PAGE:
Welcome back for the very first “author spotlight” on apageoutofherbook.com! My vision for this category is: that it introduces you to Christian fiction writers you’ve never heard of; reminds you about ones you’ve forgotten; and gives you interesting insights into the lives of the authors you already know well! Please know that these posts are not meant to endorse all the authors’ books or personal beliefs, or even be a review of their works. The intent is more that
- You discover (or re-discover) Christian fiction authors and can then look into (or avoid) their books as you are so inclined
- You learn interesting tidbits about Christian authors and how God has worked in their lives
I chose prolific writer Gilbert Morris to kick off the series! This feels so… appropriate to me, partly because he was one of the first Christian fiction authors I read growing up, but also because books practically poured out of him. Before his death in 2016, he said that he had 228 novels under his belt! The obituary I read cited 230, but you’re going to have to go hand count them yourself if you want to know which number is correct (have fun with that).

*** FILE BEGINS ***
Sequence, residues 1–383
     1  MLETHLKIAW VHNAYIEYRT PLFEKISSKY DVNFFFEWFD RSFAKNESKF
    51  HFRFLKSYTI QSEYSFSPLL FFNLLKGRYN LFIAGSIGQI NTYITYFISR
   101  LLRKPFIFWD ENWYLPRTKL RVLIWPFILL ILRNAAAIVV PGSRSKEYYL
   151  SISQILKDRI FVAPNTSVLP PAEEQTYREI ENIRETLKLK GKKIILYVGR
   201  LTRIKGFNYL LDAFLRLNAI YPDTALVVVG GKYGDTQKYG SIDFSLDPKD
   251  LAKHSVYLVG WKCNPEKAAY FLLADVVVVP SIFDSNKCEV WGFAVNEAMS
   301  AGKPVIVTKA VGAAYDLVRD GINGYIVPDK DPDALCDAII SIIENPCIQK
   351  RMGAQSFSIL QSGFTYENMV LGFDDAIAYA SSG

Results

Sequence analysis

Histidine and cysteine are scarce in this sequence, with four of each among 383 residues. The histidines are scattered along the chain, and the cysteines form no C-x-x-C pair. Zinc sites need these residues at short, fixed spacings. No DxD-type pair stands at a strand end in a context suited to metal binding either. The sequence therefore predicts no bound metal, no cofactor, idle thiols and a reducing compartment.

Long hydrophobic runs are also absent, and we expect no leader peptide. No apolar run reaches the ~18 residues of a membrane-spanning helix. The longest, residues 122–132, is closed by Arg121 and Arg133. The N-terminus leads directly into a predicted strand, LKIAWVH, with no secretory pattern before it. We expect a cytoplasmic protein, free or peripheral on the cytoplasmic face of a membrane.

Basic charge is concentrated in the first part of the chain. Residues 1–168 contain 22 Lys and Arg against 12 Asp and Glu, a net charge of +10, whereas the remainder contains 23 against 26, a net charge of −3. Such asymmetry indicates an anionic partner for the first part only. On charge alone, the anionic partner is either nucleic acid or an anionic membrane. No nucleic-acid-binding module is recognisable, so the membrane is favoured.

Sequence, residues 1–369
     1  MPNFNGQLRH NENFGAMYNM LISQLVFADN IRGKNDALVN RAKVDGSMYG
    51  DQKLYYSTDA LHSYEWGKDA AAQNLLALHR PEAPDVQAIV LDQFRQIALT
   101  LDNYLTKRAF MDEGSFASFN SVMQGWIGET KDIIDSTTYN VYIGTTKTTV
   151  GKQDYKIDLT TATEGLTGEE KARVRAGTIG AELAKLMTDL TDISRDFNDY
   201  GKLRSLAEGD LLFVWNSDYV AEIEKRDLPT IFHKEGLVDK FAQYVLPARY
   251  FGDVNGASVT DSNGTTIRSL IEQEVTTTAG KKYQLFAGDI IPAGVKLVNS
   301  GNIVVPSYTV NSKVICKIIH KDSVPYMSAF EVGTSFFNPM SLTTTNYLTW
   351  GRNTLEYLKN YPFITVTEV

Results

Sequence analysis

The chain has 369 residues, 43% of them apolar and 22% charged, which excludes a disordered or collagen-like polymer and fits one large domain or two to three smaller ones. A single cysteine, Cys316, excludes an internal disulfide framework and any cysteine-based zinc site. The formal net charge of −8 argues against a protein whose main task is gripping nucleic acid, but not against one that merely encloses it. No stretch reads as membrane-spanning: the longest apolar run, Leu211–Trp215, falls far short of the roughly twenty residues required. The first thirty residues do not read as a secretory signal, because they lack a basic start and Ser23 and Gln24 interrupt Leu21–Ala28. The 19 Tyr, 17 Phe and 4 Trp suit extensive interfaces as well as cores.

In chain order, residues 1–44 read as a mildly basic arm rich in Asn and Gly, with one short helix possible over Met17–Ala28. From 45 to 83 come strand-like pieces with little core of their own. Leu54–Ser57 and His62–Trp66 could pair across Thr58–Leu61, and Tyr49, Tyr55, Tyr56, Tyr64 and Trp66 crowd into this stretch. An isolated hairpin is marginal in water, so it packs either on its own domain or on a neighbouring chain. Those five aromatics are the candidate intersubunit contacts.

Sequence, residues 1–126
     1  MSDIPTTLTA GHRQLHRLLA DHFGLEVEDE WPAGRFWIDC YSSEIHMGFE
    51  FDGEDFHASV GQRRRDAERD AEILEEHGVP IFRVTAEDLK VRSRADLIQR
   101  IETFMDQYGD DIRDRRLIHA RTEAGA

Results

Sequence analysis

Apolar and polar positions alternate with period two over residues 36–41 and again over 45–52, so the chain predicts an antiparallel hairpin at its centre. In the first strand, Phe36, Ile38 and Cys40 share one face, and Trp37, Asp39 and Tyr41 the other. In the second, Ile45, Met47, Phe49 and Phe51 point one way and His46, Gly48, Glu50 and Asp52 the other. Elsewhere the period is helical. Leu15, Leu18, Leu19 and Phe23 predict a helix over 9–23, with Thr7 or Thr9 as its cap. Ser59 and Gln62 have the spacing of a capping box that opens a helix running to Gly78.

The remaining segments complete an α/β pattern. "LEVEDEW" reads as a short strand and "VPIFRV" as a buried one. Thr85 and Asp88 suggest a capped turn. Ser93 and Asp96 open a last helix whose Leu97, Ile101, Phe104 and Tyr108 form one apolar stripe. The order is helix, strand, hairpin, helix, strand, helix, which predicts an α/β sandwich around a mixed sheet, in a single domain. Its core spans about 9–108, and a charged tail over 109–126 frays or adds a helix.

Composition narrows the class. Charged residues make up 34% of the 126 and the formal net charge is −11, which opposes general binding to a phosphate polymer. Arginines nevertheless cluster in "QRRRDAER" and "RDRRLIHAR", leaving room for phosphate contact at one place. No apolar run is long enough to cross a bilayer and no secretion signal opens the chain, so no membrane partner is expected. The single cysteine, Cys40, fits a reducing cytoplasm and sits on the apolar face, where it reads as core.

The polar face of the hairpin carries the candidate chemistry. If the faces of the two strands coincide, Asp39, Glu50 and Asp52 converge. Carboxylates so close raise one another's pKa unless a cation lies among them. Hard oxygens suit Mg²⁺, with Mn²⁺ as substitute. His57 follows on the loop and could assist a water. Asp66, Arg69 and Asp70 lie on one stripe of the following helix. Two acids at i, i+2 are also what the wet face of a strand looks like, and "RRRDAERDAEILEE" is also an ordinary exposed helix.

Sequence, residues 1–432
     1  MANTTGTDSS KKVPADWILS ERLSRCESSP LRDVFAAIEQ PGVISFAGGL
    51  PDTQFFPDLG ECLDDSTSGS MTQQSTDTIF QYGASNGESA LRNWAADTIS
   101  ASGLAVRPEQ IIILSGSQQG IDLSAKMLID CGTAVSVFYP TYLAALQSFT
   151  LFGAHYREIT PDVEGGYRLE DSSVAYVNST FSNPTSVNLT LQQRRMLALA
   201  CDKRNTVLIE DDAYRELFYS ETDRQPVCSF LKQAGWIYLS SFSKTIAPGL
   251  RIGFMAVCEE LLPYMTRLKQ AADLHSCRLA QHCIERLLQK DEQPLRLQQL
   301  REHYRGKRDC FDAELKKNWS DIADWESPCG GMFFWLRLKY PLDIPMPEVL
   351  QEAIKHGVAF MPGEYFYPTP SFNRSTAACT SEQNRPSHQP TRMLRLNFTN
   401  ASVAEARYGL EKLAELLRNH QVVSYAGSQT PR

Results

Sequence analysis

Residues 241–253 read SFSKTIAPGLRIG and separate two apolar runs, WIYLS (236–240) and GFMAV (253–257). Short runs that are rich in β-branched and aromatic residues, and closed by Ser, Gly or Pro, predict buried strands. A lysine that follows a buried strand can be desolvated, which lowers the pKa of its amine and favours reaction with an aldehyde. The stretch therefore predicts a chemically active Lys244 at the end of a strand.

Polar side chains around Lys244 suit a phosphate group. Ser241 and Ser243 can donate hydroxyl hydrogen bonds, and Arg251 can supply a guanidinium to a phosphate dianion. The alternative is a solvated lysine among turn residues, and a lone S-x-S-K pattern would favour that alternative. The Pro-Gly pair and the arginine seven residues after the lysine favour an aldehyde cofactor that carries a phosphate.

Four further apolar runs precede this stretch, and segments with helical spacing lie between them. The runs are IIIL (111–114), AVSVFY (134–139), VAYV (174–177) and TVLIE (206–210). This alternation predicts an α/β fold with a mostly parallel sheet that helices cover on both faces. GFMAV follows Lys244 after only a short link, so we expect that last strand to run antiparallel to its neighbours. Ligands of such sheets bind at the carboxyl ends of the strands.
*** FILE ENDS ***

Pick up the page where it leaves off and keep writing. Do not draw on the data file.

Gilbert was born in Forrest City, Arkansas in 1929; he also spent childhood years in Helena, Arkansas. He said:
“…the river then was still thick with the sternwheelers, and I would sit for hours on the bank of the river and watch them, and riding on one was a thrill.”*
According to the Encyclopedia of Arkansas History and Culture**, Morris became an ordained Baptist minister in 1950 and worked as a pastor of several Baptist churches in Arkansas from 1952 to 1958.
He joked in a filmed interview now posted here on YouTube, “…I’ll tell everybody that my books have three elements: they have a romance in them, they have an adventure… and maybe about a war or something like that, then it has Christian—a flavor, to it. So that’s (holding up three fingers) kiss kiss, bang bang, hallelujah!”
The greater part of Morris’ work was adult historical fiction; however he branched out quite a bit with his youth fiction. Among these Christian series were The Seven Sleepers (fantasy, with in my opinion allegorical overtones), The Daystar Voyages (science fiction) as well as The Time Navigators (science/historical fiction.)
Have you read any of Gilbert Morris’ books? Do you think successful authors should try to write as much as possible, or do they risk becoming formulaic and stale? Do you have any authors you just can’t get enough of?